We are often asked the same questions by different people any time we mention an upcoming trip. Usually, it goes something like this:
Q: Oh, wow! That country! Do you have relatives or friends there?
Q: Do you speak the local language?
A: No, not at all. Not unless it’s English, Russian, or slowly spoken Spanish.
Q: Why that country?
A: Because we haven’t been there before.
Q: Oh, so are you taking a tour?
A: No, we always plan our itinerary and travel on our own.
Q: But… how are you going to get around?
There is never a simple answer to that question. The reality is, we fumble around a lot until we figure it out. We get lost in cities, towns, villages, fields, and jungles. We ended up at the wrong airport in Tokyo, missed a train in Germany, chased an Uber in Mexico, and bought tickets for the wrong train car in Spain… The amount of times we were left dazed and confused at a train station/bus depot/airport is too many to count. In Thailand, we showed a local man a map and pointed to where we wanted to go. Confused, he stared at the map, suddenly flashed us a relieved smile, said the name of the place out loud, and walked away. We still had no idea which way to go, but at least now we knew how to pronounce the destination correctly.
We do our best to make ourselves understood. In Spain, I mimed washing my face and drying it off to a
hotel night attendant until she realized I needed a towel. I shivered in the most exaggerated manner and clattered my teeth until our Cambodian taxi driver turned off the AC. In China, I tried to purchase tooth floss in a pharmacy by imitating flossing. It didn’t go over too well. The pharmacist had no idea what the hell I was doing, and Victor broke into hysterical laughter, watching me perform a weird mouth-open dance.
A short list of things I was able to purchase at non-English speaking pharmacies – allergy nose spray in China (by pointing at my nose and sneezing), motion sickness pills in Thailand (by showing waves with my hand and then pretending to be dizzy and feigning throwing up), cough drops in Korean airport (by, well, coughing. Didn’t even have to pretend). Sometimes it’s English-speaking pharmacies that really throw you in for a loop. In India, Victor went to a pharmacy to get me something for food poisoning. He was immediately offered antibiotics, antidiarrheal medicine, packets of electrolytes to rehydrate, and … Viagra. When Victor purchased everything except Viagra, he was again offered Viagra. He told me this story as I was choking down a handful of pills and I had to stop myself to clarify that Viagra was, in fact, not in the mix.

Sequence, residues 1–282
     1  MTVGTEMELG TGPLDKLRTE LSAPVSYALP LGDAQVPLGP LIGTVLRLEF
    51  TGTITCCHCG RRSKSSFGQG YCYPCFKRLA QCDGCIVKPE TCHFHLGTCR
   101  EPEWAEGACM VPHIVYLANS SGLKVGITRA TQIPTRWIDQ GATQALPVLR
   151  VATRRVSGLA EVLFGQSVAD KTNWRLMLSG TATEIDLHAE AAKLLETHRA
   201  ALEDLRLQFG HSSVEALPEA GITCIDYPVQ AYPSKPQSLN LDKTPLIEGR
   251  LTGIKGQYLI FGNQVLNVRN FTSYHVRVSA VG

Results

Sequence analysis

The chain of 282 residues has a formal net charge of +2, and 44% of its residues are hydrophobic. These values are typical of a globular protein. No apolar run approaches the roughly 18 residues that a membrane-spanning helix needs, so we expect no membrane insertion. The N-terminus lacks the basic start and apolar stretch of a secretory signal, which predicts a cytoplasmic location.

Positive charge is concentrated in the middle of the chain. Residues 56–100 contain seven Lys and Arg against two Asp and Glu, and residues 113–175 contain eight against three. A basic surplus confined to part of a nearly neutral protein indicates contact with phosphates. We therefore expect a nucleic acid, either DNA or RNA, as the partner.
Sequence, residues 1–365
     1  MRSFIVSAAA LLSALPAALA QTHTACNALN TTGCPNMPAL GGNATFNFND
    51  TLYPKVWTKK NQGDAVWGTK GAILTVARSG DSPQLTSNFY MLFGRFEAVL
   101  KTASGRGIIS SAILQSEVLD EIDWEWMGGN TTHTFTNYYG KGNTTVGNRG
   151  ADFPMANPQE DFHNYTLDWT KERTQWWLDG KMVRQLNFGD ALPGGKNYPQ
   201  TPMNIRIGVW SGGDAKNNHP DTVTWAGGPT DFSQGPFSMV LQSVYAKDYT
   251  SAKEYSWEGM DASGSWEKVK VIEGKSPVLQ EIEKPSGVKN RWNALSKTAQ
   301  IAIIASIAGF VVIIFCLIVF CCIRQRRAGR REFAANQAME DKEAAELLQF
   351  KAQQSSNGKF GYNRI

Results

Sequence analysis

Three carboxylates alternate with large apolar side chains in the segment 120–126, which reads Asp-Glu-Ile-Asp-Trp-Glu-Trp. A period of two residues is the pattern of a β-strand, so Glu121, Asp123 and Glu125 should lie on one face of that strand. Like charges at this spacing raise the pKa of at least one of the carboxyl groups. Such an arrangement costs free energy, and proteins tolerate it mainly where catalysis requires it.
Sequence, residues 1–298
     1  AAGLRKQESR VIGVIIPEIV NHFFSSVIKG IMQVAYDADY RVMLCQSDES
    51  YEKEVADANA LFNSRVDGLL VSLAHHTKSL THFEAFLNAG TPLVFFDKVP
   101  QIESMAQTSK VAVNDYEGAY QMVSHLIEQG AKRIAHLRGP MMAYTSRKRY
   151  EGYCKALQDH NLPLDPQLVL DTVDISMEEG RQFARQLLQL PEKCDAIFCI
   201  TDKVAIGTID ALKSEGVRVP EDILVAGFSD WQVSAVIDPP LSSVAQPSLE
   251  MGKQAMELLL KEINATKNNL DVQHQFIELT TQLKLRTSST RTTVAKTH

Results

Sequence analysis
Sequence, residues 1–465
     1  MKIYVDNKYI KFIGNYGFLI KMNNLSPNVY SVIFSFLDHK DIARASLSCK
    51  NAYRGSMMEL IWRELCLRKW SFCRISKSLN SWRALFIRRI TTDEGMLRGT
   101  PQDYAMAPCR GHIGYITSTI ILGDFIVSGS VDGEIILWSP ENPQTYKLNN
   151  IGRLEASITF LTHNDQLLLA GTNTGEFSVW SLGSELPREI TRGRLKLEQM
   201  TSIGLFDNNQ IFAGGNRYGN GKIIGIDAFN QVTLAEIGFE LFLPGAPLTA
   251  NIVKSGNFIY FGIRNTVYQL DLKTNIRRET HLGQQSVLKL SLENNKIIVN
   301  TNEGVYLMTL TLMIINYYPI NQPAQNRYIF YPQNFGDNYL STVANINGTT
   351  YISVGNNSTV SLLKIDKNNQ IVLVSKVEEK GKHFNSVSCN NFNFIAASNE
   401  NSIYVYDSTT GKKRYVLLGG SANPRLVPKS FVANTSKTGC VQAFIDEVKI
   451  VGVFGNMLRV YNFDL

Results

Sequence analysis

Whenever our linguistical skills fail us, we stare at incomprehensible menus and end up ordering by pointing at other patrons’ plates. Half of the time, we don’t know what we are ordering or how to eat it. In Japan, at a local Izakaya, we randomly pointed at arbitrary symbols on the wall menu and were very happy to receive fried chicken. In a Brazilian supermarket, I purchased juice that needed to be diluted by seven parts of water to one part drink, tried chugging it straight out of the bottle, got confused, attempted to read the Portuguese label, and convinced myself that I possibly drank a cleaning solution instead of juice. I then, of course, demanded that Victor should try the concoction to credibly judge whether it’s edible or a floor cleaner. A few days later, we weren’t too hungry and decided to split one dish in an Italian restaurant and accidentally ordered a family-size dish meant to feed at least 6 people. In Cambodia, we almost bought a duck fetus egg, having mistaken it for a regular boiled egg. A kindly Cambodian woman explained “Baby!” while pointing at the egg and making a disgusted face. We profusely thanked her and backed away.
Despite all the misunderstandings and getting lost, we prefer traveling on our own. The availability of the Internet in foreign countries in the last few years has certainly made it easier with GPS maps and Google translate. We like to get away from the crowds and take the sights at our own pace without being rushed back to the tourist bus. But there are two times in the last fifteen years when we decided to get an individual tour instead of wandering around on our own, once in Egypt and once in India. Both times, we hired a private car and a driver/translator/guide and pre-planned our personalized itineraries with them. India was not safe to travel using public transportation at the time we visited, and Egypt’s public transportation was slow/non-existent in places, and having an English-speaking guide who was also a certified historian was a huge advantage. A great thing about having a guide, besides never getting lost or ordering a wrong thing, is being able to ask questions about local life and culture, food and politics, family life, and a million other banal questions one thinks of during a five-hour car ride between cities.